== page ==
The Bank for International Settlements (BIS) released a proposal this week that aims to break down obstacles to international payments presented by technology differences.
Until now, instant transactions made from a sender in one country to a recipient in another have been plagued by tech challenges. While Instant Payment Systems (IPS) like Zelle and Venmo are currently operational within nearly 60 countries — with more in development — bridging technology across borders would allow payments to transfer in just 60 seconds.
Currently, cross-border payments are slow, labor-intensive and expensive. IPS, on the other hand, allow “domestic payments between bank accounts [to] happen in seconds, at near-zero cost,” according to the proposal by the $462.1 billion BIS.
Project Nexus is the result of a collaboration between the BIS’ Innovation Hub Singapore Centre and the Monetary Authority of Singapore, developed between multiple central banks and financial institutions around the globe. It draws on a linkage between Singapore’s PayNow and Thailand’s PromptPay, which launched in April, as well as the National Payments Corporation of India’s Unified Payments Interface system.
Linking two countries is a relatively simple integration problem and makes sense when “two countries have a close relationship and a significant flow of payments,” the report states.
But problems arise as the connections scale, the BIS acknowledged, pointing out these independent payment systems often differ in multiple ways, such as:
- Data formats, standards and mandatory fields;
- Processes and the sequence of steps in a payment process;
- Scheme rules around liability, disputes, data protection and privacy etc; and
- Functionality, such as whether aliases are used and whether there is a confirmation of payee service.
“Three countries require just three country-to-country links, but a network of 20 countries would require 190 country-to-country links,” the report stated. “Each IPS operator would need to maintain custom-built links with 19 other IPSs, each with their own standards and processes. This is difficult from a software development and IT operations perspective.”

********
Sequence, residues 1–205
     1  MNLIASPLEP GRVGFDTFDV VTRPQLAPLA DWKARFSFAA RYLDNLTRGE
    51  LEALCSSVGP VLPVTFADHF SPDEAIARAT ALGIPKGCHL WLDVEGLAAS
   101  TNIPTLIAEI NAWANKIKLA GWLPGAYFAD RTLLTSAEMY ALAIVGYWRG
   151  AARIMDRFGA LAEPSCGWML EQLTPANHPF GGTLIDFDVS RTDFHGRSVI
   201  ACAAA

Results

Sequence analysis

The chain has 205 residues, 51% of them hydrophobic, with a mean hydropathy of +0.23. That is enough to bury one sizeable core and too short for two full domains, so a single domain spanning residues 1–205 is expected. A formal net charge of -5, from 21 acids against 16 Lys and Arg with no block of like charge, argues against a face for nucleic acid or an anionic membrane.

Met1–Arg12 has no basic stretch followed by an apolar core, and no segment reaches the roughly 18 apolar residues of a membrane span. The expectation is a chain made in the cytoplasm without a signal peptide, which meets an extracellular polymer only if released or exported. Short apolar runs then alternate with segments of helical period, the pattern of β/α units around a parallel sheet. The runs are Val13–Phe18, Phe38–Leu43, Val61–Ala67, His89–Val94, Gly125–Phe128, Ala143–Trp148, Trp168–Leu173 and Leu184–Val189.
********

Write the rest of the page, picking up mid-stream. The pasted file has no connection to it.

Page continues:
To solve that problem, Project Nexus calls for an approach that somewhat mimics the internet. It requires the adoption of the “Nexus Scheme,” which defines the rules and obligations for IPSs, banks and payment services providers that make cross-border payments through Nexus. This would act as a supplement to an IPS’ current scheme for domestic payments. The creation of a “Nexus Gateway,” or software component, is also required in order to coordinate processes such as compliance, foreign exchange (FX) conversion, message translation and the sequencing of payments between two countries.
The Nexus Scheme is a set of standard protocols that puts all parties on the same page, with the Gateway acting as a sort of router for payments between countries. Banks and liquidity providers would connect to the Gateway as well, with sender banks and recipient banks holding accounts with IPS members.
Banks also play a role as FX providers. Each Nexus payment requires an FX provider, or regulated financial institution, that is willing to accept the source currency and pay out the destination currency, the report notes. These institutions will “inform Nexus of quotes for the rate at which they are willing to swap one currency for another. They compete to offer the best rates to ensure a dynamic market,” the report notes.